I’m sure there are more reasons to count why blogs are started nowadays. I was brought to this point by a string of events and am starting this journal with clear intentions listed out in my about page, which you can read there. This post is to share and get caught up to today, the day I’m taking my new journaling practice digital and public for anyone who may find comfort in not being alone.

Like many others seem to feel, 2016 has been terrible, and although I didn’t know it at the time, my story started taking it’s turn on New Year’s Day, January 1st, 2016 at the stroke of midnight.

I took a trip with my girlfriend of almost 9 (yes 9) years to celebrate NYE with friends in Time Square for the first time. We actually had incredibly lucky arrangements to avoid all the bad and only get the good of the night, but that’s another story.

After the trip I got back to being engrossed in my business grad school applications and work for a while until my girlfriend expressed that she had gotten her hopes up that I would propose to her on NYE even though I had always clearly maintained that marriage didn’t feel right for me yet but that I was happy and wanted to stay with her. However, the prospect of moving for grad school without a the commitment to forever weighed on her nerves and on my conscience.

We began conversations about whether we had a future or not and I went to counseling to help me work through the big decision looming in front of me: propose or breakup. My introspection had me questioning whether my aversion was a flaw with me that needed to be overcome, or if taking such a big next step without the level of confidence I wanted would be foolish and hurt us both even more in the end.

This went on over several months as I agonized over something that would profoundly affect myself and the most important person in my life for many years, and hurting her was the last thing I ever wanted to do.

I received acceptance to a couple really great business schools and we celebrated amid the tension of the uncertainty of our future. Now I also felt the weight of the additional decision between my two favorite schools.

About a month later, I was off to attend one school’s weekend for admitted applicants to help get a better sense in comparing the two programs. While I was there evaluating whether it was the right place for me, something else happened. I started to see myself in school, I met others who had accomplished so much, traveled and seen so much more than I, had lived independently and had a secure sense of who they were on their own.

One of those nights I returned to my air bnb, trying to imagine Carly joining me on this adventure, and again, something just didn’t feel right enough. I still couldn’t say what was missing. Did I need to overcome my own fear and doubt and just take the leap hoping for the best? Was there something needing work or really missing in our relationship? Had I never really gotten to know myself on my own to make such a big decision? After months of trying to fix and solve the problem, I broke down under the weight of the inevitable conclusion.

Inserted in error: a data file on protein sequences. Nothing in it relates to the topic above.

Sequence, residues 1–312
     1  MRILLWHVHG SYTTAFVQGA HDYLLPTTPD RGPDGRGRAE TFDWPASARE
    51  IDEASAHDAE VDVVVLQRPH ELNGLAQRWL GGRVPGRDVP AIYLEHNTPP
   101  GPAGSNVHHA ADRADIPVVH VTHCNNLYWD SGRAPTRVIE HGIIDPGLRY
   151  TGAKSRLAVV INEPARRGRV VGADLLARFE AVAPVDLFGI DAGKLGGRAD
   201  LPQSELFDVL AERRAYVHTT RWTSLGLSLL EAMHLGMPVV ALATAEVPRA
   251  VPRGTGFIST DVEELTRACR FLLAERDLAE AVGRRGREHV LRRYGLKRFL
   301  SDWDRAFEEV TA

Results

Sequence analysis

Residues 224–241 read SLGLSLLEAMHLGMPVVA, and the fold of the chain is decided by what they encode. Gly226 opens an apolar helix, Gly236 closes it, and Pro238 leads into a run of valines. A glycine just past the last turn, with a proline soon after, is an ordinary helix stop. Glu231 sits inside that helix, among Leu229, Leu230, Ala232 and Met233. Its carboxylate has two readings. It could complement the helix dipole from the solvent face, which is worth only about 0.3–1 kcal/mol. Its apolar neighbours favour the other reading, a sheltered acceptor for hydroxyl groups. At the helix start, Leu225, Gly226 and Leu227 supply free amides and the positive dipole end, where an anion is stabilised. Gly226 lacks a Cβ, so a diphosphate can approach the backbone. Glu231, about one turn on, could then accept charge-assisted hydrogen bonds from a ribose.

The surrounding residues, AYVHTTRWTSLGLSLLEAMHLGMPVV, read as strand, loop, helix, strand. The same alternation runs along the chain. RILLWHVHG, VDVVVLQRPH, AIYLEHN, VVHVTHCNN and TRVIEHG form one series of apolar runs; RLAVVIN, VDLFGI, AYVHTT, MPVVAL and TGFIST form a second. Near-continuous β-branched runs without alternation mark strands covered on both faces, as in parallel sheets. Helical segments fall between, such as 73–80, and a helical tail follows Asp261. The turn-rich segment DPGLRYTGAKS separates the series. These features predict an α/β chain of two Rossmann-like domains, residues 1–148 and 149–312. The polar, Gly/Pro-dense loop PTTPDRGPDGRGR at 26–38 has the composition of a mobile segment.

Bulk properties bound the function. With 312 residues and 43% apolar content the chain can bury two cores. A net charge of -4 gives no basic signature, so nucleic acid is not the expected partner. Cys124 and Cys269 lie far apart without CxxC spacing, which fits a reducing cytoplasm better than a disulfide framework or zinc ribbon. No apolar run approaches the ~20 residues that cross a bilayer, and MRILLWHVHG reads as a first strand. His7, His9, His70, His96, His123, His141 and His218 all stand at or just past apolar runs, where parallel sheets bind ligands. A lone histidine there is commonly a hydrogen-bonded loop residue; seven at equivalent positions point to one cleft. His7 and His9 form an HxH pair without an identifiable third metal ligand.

It didn’t matter.

It didn’t matter which of those things alone or in combination was holding me back. The truth was, that although she was my world and I was happy with her and no one had done anything wrong, it also wasn’t right enough for us to continue on together. I would have to say goodbye. I spent the rest of the night unconsolable and the next day quietly trying to hold it together through the end of the school visit.

She had scheduled the week in between my two school visits to visit a friend out of town. When I returned from the first trip and my terrible revelation, I was not ready to say goodbye and didn’t want to put a cloud over her time with her friend. Instead, I tried to appreciate what I knew was some of our last time together and had a very tender night.

The week she was out of town, I was able to reflect alone, observe whether the decision held up back home with some time, and try to build up some courage to have the most excruciating conversation of my life. I set my intention for the night I would pick her up from the airport.

When I picked her up, I had a strange feeling of missing her from her trip, and another feeling of anticipatory missing her after our relationship was about to end. I could feel some distance from her during the car ride home, I wondered if it was because she was feeling the uncertainty of our relationship or if she had come to the same conclusion I had. I found out as soon as we set her bags down in her place.